Limit to 150g of food from this group daily, spread over the day

Seafood: Crab, lobster, oysters, prawns, shrimp, scampi
Meat: Ham, pork, red meat (fat trimmed off), sausages, poultry (without skin), breast meat is best, corned beef
Vegetables: Artichoke, aubergine, bean sprouts, broccoli, brussels sprouts, cauliflower, corn, leek, button or portobello mushrooms, peas, peppers (green), spinach. 
Legumes: Garbanzo (chickpeas) and fava beans, peanuts, soy, lentils, hummus, tofu
Nuts:  peanuts, cashews, peanut butter, mixed ground nuts
Fruit: Apricot, fig, prunes
Grains: Barley, oats, wheat
Other: Cocoa, chocolate

 

LOW PURINE FOODS (Enjoy): 0-50mg purine/100g 

Your diet should be based mainly these foods

Fish: White fish (not on list above), salmon (max 75g per serve)
Dairy: Low fat cheese, such as edam, feta, fat-reduced yoghurt
Other proteins: Eggs, nuts (except peanuts), seeds, wholegrains (rye, brown rice, quinoa, buckwheat)
Vegetables: avocado, beetroot, cabbage, carrot, celery, celeriac, corn salad, cucumber, endive green beans, fennel, kale, kohlrabi, lettuce, Chanterelle mushrooms, olives, onion, peppers, potato, pumpkin, radish, sauerkraut, shitake mushrooms, sugar snap peas, tomato, zucchini 
Other: Miso paste for flavouring, sauces/gravies.  Vegetable soups, with a little chicken
Fruit: Berries, kiwifruit, melons (except watermelon), papaya.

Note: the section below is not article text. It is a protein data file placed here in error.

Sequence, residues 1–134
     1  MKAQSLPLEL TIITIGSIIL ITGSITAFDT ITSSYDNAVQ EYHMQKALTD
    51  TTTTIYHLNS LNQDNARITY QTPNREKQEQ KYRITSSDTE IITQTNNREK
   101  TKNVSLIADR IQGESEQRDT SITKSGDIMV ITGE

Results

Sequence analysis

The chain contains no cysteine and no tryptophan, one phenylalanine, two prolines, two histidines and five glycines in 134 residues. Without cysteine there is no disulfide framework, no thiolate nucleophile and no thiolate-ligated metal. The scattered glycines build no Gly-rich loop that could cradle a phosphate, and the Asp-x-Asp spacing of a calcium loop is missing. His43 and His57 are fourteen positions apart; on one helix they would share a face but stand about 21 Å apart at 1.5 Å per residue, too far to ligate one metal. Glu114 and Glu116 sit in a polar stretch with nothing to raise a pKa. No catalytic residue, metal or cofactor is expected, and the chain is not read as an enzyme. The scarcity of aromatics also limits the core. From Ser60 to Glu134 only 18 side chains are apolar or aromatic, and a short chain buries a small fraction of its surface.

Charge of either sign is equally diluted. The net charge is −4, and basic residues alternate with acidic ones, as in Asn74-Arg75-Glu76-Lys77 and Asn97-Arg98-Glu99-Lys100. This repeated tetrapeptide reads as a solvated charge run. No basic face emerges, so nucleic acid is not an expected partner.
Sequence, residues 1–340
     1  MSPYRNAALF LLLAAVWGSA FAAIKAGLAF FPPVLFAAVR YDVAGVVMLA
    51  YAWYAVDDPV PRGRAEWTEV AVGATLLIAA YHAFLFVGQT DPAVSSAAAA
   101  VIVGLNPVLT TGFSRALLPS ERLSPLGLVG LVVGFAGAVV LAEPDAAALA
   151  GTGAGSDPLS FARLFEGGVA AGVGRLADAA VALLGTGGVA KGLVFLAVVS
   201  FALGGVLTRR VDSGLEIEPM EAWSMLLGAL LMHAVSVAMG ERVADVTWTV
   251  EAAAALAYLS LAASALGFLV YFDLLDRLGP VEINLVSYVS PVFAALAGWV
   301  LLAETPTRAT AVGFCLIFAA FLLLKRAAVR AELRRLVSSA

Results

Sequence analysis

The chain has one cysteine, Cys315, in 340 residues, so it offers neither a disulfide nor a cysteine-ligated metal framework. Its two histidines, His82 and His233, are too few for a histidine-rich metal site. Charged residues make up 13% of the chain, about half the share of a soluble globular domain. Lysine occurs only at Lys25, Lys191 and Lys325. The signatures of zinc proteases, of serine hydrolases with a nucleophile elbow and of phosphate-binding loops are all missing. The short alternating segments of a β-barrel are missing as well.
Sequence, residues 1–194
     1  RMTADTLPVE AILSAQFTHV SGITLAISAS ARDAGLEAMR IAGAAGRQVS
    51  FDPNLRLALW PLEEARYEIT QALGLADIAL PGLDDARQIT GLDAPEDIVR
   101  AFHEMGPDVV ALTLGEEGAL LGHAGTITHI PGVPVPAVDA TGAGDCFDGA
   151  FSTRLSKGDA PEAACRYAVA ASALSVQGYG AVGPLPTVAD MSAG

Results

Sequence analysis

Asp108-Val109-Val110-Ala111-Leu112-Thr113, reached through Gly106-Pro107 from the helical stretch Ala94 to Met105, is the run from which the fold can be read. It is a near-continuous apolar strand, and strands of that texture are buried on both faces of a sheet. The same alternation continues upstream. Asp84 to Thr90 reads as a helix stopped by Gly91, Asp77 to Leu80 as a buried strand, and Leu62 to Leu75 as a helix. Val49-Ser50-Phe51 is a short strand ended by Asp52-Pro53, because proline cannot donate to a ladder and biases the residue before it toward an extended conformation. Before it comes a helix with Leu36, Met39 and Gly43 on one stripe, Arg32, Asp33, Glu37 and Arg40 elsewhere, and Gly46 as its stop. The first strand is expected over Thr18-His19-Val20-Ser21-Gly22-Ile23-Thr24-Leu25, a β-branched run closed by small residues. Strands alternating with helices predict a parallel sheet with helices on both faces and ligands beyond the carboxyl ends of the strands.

What else can I do?

Follow a low-acid forming and low-fructose diet. Foods that are high in fructose, and other foods that elevate the blood acidity, despite their low purine content, may aggravate gout. Some examples: very spicy and greasy food, alcohol, excess tea, deeply fried food and more. 

Lose weight if you are overweight. Weight management is a key component in dietary management of gout. A 5% loss in body weight leads to a 10% reduction in serum uric acid levels.

HIGH FRUCTOSE FOOD (Limit): 
Apples, apricots, grapes, peaches, pears, plums, prunes, watermelon, dates. Corn, corn syrup, honey
If you are overweight, lose weight slowly. Aim to lose ½ to 1kg a week. Losing weight too fast can increase uric acid levels in your body.
LOW FRUCTOSE FRUIT (Enjoy):
Cherries, blueberries, oranges, mandarins, pomegranate, strawberries

About one third of the uric acid in the body comes from the diet, and two thirds comes from processes within the body (mainly coming from tissue catabolism). For about 80% of adults with gout, low excretion of urate by the kidneys is the cause of high uric acid. Being on diuretic medication. Insulin resistance (metabolic syndrome) is associated with lower excretion of uric acid in the urine, and therefore higher levels in the blood.

*Diuretic medication (often prescribed for high blood pressure) is a risk factor for elevated uric acid and recurrent gout attacks. Diuretic therapy should be minimised and avoided wherever possible. Talk to your doctor about other medication for high blood pressure. Or contact us for a “warrant of fitness” to see how else you can reduce your blood pressure or uric acid levels.

 

References